But, if I have to really boil down why I dislike gentrified charity shops, with their cheap laminate flooring and Radio 2's Stevie Wright in the afternoon blaring, into one single reason, it's this; I am convinced that all those lovely volunteer late-middle-aged women have collectively received thousands of donated vintage sewing patterns, maybe had a laugh with their colleagues about how their old mum used to sew all her clothes, and then systematically binned them all like some horrendous vintage sewing pattern holocaust.
Ok. So to be fair to charity shops, as I said earlier, I have also changed and become distanced. For one thing, I got into sewing my own clothes from scratch. The challenge of learning to make all the things I normally would have bought from a shops was/is so exciting. Starting a new sewing project from scratch is so full of promise, possibilities and offers complete control, that wandering around trying to find a gem in a charity shops when in your head you have a vision of exactly what you are damn well after can just be too bloody frustrating. And when you start to furnish yourself with the skills to make that vision a reality, it can be hard to go back to relying on the offerings that the charity shop gods choose to bestow on you during any given month.
Also, I physically moved away from charity shops, driving a further wedge between us. Correct me if I'm wrong, but from my experience of living in Barcelona, there seem to be no charity shops in Spain aside from a crazily expensive chain called Humana. I used to get my fixes when possible during visited back to the UK, but I guess I just got used to not having them as an option in my everyday life.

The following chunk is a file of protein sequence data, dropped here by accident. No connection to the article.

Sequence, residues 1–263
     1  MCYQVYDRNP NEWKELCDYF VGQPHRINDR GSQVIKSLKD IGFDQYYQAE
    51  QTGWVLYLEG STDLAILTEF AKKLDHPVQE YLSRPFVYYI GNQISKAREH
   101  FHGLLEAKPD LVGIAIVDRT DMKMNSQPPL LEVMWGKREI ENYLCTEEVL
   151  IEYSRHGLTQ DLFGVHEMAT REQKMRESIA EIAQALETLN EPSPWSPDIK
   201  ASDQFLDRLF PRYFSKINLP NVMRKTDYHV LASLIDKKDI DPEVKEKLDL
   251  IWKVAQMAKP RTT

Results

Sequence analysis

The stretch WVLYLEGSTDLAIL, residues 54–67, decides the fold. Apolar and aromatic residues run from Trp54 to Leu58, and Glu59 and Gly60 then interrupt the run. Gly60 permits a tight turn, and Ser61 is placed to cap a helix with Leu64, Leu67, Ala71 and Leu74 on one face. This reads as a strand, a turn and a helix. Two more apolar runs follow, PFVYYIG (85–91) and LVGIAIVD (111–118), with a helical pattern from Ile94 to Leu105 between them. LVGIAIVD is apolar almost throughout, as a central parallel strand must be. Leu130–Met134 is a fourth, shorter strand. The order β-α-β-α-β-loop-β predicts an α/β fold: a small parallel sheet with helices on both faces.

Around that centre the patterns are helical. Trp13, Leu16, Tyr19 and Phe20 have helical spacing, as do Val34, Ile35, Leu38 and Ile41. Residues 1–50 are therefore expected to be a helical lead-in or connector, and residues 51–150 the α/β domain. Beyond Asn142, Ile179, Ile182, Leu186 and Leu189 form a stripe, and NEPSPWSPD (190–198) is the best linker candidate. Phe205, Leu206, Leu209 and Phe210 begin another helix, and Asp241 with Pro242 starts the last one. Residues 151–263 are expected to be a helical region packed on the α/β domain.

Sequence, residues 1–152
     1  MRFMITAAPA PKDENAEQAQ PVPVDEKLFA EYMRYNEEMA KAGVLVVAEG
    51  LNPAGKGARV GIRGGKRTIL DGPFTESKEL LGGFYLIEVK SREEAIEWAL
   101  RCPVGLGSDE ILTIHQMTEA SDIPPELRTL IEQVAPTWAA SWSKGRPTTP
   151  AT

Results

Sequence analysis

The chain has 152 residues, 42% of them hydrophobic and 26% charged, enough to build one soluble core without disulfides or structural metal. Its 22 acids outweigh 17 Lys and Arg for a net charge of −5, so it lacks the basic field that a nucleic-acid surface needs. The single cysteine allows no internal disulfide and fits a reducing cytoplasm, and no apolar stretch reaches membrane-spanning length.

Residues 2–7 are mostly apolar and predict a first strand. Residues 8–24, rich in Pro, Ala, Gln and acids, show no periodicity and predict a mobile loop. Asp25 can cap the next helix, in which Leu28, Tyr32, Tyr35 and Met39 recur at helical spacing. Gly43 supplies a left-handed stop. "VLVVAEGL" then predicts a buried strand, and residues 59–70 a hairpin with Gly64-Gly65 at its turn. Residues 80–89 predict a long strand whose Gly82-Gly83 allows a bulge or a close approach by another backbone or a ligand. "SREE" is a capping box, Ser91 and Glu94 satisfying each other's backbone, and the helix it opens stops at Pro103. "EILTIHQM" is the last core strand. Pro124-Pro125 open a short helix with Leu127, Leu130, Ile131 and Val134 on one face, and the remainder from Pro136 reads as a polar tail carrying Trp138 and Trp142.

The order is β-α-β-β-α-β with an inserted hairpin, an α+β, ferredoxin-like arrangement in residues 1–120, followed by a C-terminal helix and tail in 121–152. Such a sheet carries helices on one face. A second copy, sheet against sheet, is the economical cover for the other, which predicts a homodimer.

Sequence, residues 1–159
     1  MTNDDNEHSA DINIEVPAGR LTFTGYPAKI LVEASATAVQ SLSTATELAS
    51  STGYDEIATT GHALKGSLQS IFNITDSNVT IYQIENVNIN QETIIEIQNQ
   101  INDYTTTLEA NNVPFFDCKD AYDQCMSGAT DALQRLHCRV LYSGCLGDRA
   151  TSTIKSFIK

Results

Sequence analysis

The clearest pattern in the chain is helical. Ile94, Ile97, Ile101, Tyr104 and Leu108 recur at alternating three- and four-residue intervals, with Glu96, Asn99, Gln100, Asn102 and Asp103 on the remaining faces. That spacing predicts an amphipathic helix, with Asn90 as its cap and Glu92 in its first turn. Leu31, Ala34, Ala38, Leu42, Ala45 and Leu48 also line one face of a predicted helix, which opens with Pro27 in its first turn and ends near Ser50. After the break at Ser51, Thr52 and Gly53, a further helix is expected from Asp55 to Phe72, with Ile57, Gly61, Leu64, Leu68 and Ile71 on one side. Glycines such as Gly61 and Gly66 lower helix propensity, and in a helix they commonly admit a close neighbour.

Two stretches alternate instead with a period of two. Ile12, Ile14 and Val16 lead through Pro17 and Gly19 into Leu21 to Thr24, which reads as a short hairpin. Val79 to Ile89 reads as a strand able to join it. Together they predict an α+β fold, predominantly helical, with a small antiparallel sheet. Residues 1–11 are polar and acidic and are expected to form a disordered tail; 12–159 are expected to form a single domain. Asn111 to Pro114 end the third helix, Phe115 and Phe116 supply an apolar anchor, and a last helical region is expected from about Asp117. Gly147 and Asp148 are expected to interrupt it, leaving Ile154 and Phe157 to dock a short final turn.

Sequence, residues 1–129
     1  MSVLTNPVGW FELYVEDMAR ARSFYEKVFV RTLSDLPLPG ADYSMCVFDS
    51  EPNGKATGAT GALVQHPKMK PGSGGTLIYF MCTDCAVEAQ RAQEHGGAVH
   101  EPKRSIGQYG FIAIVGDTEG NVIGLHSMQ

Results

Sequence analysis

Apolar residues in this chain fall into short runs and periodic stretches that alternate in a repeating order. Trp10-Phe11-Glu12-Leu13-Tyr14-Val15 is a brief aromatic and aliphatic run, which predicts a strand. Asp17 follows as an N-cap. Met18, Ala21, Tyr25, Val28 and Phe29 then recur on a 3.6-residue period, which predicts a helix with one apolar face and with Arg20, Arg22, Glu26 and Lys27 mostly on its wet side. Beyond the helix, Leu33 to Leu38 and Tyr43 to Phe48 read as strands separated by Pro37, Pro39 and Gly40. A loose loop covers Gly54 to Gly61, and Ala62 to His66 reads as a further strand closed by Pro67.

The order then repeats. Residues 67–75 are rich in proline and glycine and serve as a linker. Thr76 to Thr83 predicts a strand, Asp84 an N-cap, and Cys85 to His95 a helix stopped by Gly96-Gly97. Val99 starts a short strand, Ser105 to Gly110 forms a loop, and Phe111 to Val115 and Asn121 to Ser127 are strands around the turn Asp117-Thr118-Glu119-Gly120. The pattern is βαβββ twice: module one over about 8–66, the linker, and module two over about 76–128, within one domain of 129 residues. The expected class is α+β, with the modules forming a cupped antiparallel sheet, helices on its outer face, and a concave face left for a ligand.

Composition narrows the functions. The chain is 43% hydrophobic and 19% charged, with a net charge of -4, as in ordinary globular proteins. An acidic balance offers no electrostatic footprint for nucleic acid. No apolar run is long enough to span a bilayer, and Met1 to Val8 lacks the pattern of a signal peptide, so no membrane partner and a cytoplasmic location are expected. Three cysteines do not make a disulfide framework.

Then when I moved back to UK, as formerly mentioned, I ended up working for a textile recycling charity. When you receive bags and bags and bags of unwanted textiles every fortnight, a few pieces of which you are allowed for personal use for a small donation, the paltry stock of most local charity shops does not look inviting or inspiring. Ok, I got spoilt. I admit it, I am spoilt.
So where do things stand now with me and charity shops? You know what? Our relationship has entered a pretty stable phase. I'm still going to sew my own clothes, but the things I can't produce myself that I can get second hand, I'll keep hunting for in charity shops. So now, when I go in them I usually look for the following things: curtains and fabric if they have it (a guilt-free stash addition!), knitwear (especially fine-knit cardigans because I'll never be able to create those myself even when I learn to knit), shoes and boots (yeah some people think that's grim, but if they are fairly new then I'm fine with it), kitchen equipment (within reason, I wouldn't buy second hand pots and pans) and belts.
What about you? Have you noticed a change in your relationship to charity shops/thrift store/op-shops? Have they 'smartened up' and become boring round where you live? Do you prefer this cleaner thrifting experience? Do you have set things you always look for when you visit them?